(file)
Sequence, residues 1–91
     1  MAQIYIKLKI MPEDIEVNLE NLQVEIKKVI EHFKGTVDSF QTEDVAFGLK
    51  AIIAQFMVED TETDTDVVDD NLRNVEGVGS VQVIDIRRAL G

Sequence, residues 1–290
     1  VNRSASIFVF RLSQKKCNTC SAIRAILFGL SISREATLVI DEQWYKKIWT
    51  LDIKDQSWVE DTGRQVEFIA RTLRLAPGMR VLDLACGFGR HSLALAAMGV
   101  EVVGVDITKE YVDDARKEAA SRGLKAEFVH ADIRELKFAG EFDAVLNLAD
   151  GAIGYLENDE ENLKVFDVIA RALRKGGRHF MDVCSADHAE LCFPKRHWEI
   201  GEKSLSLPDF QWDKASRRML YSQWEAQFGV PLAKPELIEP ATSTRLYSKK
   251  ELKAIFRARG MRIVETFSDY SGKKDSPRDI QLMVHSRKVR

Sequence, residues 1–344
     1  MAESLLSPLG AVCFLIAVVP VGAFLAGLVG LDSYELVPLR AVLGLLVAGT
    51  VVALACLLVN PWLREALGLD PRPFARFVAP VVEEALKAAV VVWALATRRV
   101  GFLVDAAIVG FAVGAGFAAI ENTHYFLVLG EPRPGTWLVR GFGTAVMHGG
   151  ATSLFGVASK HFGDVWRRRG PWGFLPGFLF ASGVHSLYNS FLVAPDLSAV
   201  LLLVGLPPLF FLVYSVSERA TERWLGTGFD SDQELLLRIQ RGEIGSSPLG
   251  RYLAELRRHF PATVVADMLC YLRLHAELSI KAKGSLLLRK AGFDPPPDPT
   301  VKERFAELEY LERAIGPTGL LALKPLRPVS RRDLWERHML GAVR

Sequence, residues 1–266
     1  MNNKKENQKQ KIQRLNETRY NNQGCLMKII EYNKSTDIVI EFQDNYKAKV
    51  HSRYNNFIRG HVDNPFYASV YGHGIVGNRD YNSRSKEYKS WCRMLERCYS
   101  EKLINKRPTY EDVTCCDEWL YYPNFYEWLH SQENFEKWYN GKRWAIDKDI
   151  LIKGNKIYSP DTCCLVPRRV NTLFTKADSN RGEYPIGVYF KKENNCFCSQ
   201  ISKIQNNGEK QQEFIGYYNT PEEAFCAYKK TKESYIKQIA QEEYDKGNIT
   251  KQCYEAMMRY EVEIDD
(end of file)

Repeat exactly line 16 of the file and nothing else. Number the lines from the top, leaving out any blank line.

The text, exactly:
   201  LLLVGLPPLF FLVYSVSERA TERWLGTGFD SDQELLLRIQ RGEIGSSPLG